SEOUL: North Korea posted a new propaganda video Friday, showing paratroopers descending on Seoul in an invasion scenario that envisages taking around 150,000 US residents in South Korea hostage.
The four-minute video, titled “A Short, Three-Day War”, begins with images of a massive artillery and rocket barrage, followed by a large-scale land and air assault with North Korean troops streaming over the border.
A male narrator then describes how “crack storm troops will occupy Seoul and other cities and take 150,000 US citizens as hostages.”
The video was posted on the North’s official website, Uriminzokkiri, which distributes news and propaganda from the state media.
It comes at a time of escalating tensions on the Korean peninsula, with multiple threats from North Korea of an armed response to joint South Korea-US military drills and to UN sanctions imposed after its nuclear test last month.
On Thursday, the North Korean military threatened strikes on US military bases in Japan and Guam.
The narrator describes different stages of the invasion, including the destruction of forces under the US Pacific Command with “powerful weapons of mass destruction”.
The video showed footage of paratroopers jumping from the sky superimposed over an aerial shot of the South Korean capital, with North Korean military helicopters hovering overhead.
The airborne troops would engage South Korean soldiers in the streets of Seoul, as 4,000 tanks and 3,000 armoured vehicles sweep across the border and race to the capital, the narrator said.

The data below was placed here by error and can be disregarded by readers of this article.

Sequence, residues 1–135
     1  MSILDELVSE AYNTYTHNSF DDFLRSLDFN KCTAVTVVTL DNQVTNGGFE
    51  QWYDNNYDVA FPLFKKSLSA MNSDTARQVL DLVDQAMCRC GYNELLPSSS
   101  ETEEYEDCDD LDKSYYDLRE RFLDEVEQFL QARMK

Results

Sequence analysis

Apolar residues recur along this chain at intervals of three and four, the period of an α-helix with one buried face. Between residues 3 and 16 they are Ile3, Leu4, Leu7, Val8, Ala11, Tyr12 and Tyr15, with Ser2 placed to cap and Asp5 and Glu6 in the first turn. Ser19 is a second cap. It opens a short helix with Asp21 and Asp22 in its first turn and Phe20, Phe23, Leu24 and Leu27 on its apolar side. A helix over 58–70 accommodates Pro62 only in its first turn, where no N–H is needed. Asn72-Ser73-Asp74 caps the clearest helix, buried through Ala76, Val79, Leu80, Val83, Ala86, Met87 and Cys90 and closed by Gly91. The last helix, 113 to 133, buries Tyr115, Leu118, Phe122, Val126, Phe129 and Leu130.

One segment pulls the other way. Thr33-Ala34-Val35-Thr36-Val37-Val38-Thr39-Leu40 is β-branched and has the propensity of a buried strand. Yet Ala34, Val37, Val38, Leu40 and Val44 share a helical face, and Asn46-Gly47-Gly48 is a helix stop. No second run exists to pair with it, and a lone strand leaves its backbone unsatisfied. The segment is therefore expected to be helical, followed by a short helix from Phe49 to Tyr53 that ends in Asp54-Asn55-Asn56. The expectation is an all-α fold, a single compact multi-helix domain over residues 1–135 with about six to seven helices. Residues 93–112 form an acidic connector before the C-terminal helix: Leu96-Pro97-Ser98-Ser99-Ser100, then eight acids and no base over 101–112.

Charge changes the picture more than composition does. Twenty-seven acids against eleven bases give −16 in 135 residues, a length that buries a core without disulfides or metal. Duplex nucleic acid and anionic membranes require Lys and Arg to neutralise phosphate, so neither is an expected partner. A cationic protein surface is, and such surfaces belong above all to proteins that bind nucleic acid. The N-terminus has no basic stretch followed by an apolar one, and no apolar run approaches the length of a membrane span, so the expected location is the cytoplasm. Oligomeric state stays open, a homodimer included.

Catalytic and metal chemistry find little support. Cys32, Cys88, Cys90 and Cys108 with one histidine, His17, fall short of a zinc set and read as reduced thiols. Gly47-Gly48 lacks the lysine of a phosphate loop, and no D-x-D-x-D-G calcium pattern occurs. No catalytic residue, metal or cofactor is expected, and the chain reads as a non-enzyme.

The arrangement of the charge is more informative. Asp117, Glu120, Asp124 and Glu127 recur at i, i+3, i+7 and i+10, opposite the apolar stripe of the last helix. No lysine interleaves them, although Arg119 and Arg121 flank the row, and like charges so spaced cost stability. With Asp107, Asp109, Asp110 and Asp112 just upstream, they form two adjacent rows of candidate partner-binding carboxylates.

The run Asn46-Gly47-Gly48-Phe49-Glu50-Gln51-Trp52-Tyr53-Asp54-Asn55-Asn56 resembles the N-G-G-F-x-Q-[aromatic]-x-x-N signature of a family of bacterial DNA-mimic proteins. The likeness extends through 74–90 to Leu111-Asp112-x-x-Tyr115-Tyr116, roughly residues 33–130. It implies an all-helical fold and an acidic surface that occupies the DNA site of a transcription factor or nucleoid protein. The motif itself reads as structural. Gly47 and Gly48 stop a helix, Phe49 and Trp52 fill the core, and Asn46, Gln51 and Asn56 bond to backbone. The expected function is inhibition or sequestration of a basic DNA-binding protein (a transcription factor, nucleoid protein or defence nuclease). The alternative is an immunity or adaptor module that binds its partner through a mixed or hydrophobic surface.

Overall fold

According to official immigration figures, South Korea has a US expatriate population of more than 130,000, as well as 28,000 US troops based in the country.
On the third day of the proposed invasion, the narrator said Seoul and other cities would be in a state of total chaos, with no food or water supplies, and no communications network.
At this point, the Korean People’s Army would step in to “stabilise” the situation.
“Like this, we have a Unification War scenario that will be wrapped up in just three days,” the narrator said.
The video was the latest in a line of similarly-themed productions posted to the Uriminzokkiri channel.
An offering early last month showed New York in flames after an apparent missile attack, and another two weeks later depicted US soldiers and President Barack Obama burning in the flames of a nuclear blast.
And earlier this week, another video showed the dome of the US Capitol building in Washington exploding in a fireball.
Since the UN Security Council tightened sanctions on North Korea over its February nuclear test, Pyongyang has issued a range of apocalyptic threats including “pre-emptive” nuclear strikes on South Korea and the United States.
It also announced it was scrapping the armistice that ended the 1950-53 Korean War, but its rhetoric has yet to be matched by any overt military action.